Another spike in Covid infections in China is threatening more downward pressure for oil prices, as Chinese authorities reported a new daily record in new infections on Thursday.
According to Reuters, China recorded close to 32,700 new infections on Thursday, of which only around 3,000 were symptomatic but this does not seem to make a difference for the country’s zero-Covid policy.
Despite the record number of infections in China, oil prices were actually higher in early Friday trading in Asia because of the EU’s failure to agree on a price level for the G7/EU price cap on Russian crude.
The news from China will likely have a delayed effect on the price outlook because of the EU’s cap debates; however, the impact will be decidedly negative: more cases mean more lockdowns in China, and more lockdowns mean more disruption in industrial activity and a consequent decline in oil demand from one of the biggest importers.
According to ANZ, the surge in new infections has already affected fuel demand in the country, with implied oil demand seen lower by 1 million barrels daily than average, at 13 million bpd.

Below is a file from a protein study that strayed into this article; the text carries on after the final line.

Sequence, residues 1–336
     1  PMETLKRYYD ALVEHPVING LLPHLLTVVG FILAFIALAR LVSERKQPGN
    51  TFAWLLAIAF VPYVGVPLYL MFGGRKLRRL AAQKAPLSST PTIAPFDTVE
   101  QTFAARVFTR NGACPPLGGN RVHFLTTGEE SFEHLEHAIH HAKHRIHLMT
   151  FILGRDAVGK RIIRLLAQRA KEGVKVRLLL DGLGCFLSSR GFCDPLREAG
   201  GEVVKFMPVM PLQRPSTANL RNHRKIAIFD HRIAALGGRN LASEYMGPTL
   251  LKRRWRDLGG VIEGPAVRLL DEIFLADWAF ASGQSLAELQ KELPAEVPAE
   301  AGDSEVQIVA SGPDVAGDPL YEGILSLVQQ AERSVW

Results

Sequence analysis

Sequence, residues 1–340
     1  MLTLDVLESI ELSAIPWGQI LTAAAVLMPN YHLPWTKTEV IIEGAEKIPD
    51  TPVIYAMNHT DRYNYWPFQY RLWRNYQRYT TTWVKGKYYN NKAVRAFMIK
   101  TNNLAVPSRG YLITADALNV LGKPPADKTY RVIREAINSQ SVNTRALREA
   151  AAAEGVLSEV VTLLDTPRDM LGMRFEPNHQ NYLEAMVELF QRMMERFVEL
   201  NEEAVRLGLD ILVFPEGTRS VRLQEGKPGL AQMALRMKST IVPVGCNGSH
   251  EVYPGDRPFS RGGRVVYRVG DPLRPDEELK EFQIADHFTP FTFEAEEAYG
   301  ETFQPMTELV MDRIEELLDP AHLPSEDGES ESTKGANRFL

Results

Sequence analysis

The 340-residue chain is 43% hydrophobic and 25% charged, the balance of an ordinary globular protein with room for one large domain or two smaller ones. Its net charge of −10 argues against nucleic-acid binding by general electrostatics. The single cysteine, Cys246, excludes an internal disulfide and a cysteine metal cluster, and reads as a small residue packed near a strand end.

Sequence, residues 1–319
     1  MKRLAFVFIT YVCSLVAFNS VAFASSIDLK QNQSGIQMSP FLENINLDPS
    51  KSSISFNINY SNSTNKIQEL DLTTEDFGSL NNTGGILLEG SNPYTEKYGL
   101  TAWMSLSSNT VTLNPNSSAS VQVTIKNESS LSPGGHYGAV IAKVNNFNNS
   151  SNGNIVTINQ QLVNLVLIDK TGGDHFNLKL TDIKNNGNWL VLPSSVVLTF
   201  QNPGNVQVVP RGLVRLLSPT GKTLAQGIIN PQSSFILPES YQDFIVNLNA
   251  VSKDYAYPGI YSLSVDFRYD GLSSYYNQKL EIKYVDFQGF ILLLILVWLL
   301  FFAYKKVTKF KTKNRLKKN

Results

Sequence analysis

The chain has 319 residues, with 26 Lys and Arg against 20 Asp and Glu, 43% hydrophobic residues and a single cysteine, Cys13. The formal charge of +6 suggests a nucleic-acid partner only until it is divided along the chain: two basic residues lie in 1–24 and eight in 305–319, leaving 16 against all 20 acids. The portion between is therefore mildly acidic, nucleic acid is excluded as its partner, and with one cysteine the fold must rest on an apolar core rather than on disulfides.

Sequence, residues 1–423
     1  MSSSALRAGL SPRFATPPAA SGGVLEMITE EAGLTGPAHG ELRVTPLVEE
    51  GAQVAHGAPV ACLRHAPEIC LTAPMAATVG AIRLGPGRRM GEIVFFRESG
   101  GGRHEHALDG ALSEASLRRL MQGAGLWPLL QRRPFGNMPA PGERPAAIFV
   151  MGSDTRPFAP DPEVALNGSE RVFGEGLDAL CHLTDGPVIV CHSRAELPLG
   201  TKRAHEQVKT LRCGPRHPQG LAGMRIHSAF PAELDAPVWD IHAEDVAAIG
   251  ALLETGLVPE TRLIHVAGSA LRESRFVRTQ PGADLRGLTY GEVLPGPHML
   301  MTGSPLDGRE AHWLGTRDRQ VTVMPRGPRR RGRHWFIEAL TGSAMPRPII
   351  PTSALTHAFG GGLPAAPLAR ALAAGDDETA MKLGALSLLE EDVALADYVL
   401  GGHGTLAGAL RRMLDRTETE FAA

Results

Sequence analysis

“This remains a headwind for oil demand that, combined with weakness in the US dollar, is creating a negative backdrop for oil prices,” ANZ commodity analysts said in a note quoted by Reuters.
Disruption in China will send ripples across the global economy.
Lockdowns in China are bad news for more than just oil bulls. Because of its role as a global supplier of everything from solar panels to plastic toys, any large-scale disruption in Chinese economic and industrial activity means lower supply of often crucial products such as the abovementioned solar panels.
On Friday, in an attempt to shore up the economy, China’s central bank slashed the amount of cash lenders are required to hold in reserve by 25 basis points for the second time this year, Bloomberg reports.
By Irina Slav for Oilprice.com
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